The insider’s guide to booking your wedding venue.
We all understand that it’s your special day, but the reality is to a wedding venue it’s one of dozens if not hundreds of weddings they service every year. Put simply the wedding business is just that – a business – and you should treat your approach in the same way.
We all know weddings are expensive, but if you want to treat a hundred or so of your nearest and dear-est to a slap-up meal (including drinks) at any high street restaurant, you’re going to be facing bill reaching into the thousands. Add to this all the other items you’ll need to make your wedding special, it’s no surprise the bill rises well over the £10k mark within a few days of starting your plans.
As with everything in life there is a huge variation in prices — from tea and sandwiches at the village hall to a Michelin starred banquet at an exclusive wedding venue. The key drivers for the bill will be a mixture of quality, quantity and date. Here’s a guide on booking your wedding venue and some useful tips on how to get the best deal.
The most popular venues tend to be the most unique and aesthetically pleasing and will hit that dream wedding venue button. Clearly, the venue knows this so will undoubtedly charge you accordingly. Venue hire for the whole day can push you into the thousands of pounds before you even factor in the food and drink options; those too tend to be designed at the pricier end of the scale. This is a no-brainer, but the list below will work with any venue and help you.
It’s a simple numbers game, the more guests you invite, the bigger the bill will be. This is the easiest way of managing your budget and getting the balance right between who you invite to the ceremony and wedding breakfast and those just to the evening reception.
Food and drink will likely be the biggest ticket cost for most couples. Your guests will need to be fed and watered throughout the day so if you’re planning an-all day bash then you’ll need to consider a drinks and canapes reception, a three-course wedding breakfast and of course the all-important evening buffet. Most venues will have a rule stating that there will be a minimum number of guests and it can be difficult to get this cost down if you love the venue and want to invite everyone. It’s often at this point that couples decide to delay the wedding for a year or so to save the money required to get the venue they want and invite a full list of family and friends.
The wedding business follows a classic supply and demand model, with the majority of weddings taking place between April and September on either a Friday or Saturday. Venues and suppliers will advertise their rates based on the busiest days knowing they are likely to sell these dates well in advance at full asking price.
Wedding venues and suppliers are very reluctant to advertise lower rates for different times of years as this devalues the peak rates they are holding out for at busier times. However, the reality is they are very happy to talk one-to-one and offer reduced rates at quieter times of year and even for certain peak dates that either haven’t sold or have been cancelled at the last minute.
Key points for negotiation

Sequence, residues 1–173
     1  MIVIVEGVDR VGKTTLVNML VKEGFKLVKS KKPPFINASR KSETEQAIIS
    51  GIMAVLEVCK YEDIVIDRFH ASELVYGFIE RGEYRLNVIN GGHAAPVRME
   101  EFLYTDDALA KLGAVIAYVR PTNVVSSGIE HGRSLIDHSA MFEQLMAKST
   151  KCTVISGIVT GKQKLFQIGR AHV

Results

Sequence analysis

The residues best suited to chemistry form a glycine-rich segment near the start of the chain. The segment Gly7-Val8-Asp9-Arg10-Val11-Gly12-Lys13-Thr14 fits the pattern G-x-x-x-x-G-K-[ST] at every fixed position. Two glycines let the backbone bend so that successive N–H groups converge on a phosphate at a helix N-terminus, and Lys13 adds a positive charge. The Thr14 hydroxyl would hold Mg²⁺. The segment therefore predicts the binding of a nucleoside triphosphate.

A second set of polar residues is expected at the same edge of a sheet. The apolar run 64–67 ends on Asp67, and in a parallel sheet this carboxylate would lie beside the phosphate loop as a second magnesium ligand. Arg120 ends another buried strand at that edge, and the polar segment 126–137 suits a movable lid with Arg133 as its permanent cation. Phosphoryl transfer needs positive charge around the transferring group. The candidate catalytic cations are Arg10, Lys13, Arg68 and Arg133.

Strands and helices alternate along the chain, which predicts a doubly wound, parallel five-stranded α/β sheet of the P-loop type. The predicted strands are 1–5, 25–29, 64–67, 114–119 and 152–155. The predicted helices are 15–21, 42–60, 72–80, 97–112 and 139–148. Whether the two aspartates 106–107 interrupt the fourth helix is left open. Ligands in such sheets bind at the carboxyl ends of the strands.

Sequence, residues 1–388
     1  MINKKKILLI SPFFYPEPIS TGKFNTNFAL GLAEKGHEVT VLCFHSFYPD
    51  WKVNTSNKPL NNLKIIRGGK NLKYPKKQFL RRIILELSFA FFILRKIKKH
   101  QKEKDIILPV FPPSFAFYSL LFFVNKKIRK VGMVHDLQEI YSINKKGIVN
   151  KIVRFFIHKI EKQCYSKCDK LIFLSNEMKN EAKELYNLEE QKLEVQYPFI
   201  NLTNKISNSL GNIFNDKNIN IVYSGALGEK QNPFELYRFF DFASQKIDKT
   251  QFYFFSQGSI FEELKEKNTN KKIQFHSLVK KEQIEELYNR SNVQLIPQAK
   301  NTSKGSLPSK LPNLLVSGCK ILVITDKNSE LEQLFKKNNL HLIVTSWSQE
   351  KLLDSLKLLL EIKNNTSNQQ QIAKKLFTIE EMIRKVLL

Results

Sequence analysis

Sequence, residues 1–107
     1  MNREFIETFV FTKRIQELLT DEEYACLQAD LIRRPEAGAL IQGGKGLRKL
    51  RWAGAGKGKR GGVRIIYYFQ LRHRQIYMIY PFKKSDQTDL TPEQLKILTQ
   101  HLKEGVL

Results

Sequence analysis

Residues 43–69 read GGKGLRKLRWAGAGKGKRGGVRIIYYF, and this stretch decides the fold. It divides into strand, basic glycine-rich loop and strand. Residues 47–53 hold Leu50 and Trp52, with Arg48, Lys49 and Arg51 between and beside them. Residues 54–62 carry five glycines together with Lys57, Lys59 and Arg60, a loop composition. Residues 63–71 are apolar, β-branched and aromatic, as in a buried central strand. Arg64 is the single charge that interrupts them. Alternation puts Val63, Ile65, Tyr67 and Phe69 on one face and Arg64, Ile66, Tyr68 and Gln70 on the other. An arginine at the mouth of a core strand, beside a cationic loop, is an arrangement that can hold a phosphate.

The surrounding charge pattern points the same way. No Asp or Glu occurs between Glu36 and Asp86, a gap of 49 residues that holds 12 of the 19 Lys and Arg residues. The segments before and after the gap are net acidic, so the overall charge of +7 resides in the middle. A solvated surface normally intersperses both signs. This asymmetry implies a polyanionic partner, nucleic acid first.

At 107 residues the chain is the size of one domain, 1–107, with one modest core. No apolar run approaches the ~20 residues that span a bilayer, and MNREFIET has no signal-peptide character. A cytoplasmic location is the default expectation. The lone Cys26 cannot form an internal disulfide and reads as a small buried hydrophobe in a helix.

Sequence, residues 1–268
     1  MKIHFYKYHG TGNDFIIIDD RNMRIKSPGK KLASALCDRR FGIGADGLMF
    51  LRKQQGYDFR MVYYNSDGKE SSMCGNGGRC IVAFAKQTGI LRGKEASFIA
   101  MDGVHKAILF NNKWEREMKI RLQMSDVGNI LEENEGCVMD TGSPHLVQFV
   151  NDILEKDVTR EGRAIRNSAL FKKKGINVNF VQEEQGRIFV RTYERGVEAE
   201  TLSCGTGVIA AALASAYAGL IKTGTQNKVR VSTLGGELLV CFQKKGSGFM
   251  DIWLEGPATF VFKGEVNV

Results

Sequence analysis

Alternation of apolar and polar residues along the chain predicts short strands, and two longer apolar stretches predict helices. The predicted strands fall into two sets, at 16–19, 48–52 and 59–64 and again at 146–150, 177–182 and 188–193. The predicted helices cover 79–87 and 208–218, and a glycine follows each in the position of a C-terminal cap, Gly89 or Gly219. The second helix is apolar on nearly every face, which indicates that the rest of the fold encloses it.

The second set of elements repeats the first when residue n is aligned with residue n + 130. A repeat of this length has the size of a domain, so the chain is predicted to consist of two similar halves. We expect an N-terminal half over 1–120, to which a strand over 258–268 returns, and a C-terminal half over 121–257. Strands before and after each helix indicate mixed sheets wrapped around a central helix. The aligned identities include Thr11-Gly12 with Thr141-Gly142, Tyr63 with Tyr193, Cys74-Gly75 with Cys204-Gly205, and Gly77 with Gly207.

Day and date – Day of the week and time of year are the key things here. If you’re lucky enough to be looking to book a venue in January or February on a Wednesday, you are in a really strong position to negotiate the best deal possible with a venue. They will see it as a great bit of business on a day they would struggle to get any revenue. Weddings are always a higher spend per head than any other form of business for hotels and venues, so put on your bargaining hat to see how much you can save. You may not have as much luck with food and decor suppliers, but there’s no harm in asking.
Saving in numbers – On average, a wedding venue will normally ask for a minimum of around 60 guests to make it worth their while. However, if you’re planning on inviting 120 guests for the day and 200 for the night, your wedding will be worth much more to that venue than another enquiry for lower guest numbers. The bar spend for the party and room sales for guests staying over will mean a lot more on top. The bigger your number, the more likely you’ll be able to negotiate. Don’t be fooled into thinking you’re the only couple on the venue’s books; they’re looking to make as much profit as possible so it’s likely you’re going to be one of a few pitching for a particular date.
Timing – When you book is also a key driver, if you’re looking at a date that’s 2-3 years away you will have the greatest choice of venues and availability. However, if you want the best deal 12-16 months prior would be a perfect time to book — you might not have as many choices, but you will get the best price. Wedding venues will have targets to meet and the sales manager will see your wedding hitting the bot-tom line sooner, so margins will be sacrificed for sales.
Flexibility is key – If you’ve found the venue you love but it’s looking out of your price range, be honest and tell the venue you are flexible with dates and they are likely to offer you a date that suits them at the price you can afford.
Be nice – Your point of contact will often be the venue’s own wedding planner who conducts the show round and takes you through the options. They will rarely be authorised to offer a discount or negotiate on price, however they will be the person feeding it back to the owner or sales manager.
If they like you and you don’t come across as too high maintenance, they will want to work with you and encourage the boss to give you the deal you want. Planners will have a picture in their head about you very quickly – they will be able to tell if you will be asking questions every day for the next couple of years! If you’re easy-going, friendly and well organised, you are going to be just the people that venues love to have as customers.